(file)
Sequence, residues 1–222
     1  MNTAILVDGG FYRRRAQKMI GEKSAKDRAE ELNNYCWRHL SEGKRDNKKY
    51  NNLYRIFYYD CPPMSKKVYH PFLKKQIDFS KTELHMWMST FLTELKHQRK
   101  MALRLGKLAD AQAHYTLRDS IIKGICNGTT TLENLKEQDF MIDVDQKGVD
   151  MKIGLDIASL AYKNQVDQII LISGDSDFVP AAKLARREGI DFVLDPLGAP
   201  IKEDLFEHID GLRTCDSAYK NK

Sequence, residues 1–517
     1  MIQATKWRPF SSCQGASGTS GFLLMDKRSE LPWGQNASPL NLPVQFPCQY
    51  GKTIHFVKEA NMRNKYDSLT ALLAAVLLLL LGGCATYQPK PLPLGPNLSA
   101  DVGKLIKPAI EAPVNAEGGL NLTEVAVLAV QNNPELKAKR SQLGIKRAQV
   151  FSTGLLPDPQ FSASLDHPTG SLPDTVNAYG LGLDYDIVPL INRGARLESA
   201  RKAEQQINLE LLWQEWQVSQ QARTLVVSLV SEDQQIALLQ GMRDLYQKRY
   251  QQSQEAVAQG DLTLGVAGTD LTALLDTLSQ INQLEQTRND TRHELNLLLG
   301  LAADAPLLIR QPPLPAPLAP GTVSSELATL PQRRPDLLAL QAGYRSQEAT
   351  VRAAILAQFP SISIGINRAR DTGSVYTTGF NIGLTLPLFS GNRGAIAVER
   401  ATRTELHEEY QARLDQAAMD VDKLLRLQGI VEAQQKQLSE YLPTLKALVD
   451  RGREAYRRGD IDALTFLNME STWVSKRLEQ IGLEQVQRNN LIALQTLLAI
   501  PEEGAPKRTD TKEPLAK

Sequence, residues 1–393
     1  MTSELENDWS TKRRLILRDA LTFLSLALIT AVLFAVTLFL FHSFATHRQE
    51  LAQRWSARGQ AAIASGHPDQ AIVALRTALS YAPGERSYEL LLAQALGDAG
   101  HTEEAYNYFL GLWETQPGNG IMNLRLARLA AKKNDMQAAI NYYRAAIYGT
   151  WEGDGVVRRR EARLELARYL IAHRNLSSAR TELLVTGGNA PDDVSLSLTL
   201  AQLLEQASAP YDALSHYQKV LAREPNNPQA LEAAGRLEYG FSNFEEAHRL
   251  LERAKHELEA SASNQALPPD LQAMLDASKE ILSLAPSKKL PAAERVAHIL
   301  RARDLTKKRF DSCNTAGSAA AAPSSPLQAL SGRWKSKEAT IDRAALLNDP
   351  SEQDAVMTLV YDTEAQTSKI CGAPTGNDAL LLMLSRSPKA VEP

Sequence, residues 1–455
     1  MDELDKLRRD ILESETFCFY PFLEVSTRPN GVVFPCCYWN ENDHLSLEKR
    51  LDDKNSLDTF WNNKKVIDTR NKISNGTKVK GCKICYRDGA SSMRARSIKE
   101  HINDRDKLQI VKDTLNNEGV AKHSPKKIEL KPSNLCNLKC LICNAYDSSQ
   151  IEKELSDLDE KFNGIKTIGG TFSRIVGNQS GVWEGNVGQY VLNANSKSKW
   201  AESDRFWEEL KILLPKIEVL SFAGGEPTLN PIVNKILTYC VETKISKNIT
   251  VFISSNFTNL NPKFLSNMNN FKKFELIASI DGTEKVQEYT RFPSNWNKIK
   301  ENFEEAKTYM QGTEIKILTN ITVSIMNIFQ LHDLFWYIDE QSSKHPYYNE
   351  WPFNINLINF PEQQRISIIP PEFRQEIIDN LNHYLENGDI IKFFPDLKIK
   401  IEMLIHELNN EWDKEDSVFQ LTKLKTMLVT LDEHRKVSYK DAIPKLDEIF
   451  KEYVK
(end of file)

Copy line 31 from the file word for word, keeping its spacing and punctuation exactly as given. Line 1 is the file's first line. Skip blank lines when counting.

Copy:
   101  HINDRDKLQI VKDTLNNEGV AKHSPKKIEL KPSNLCNLKC LICNAYDSSQ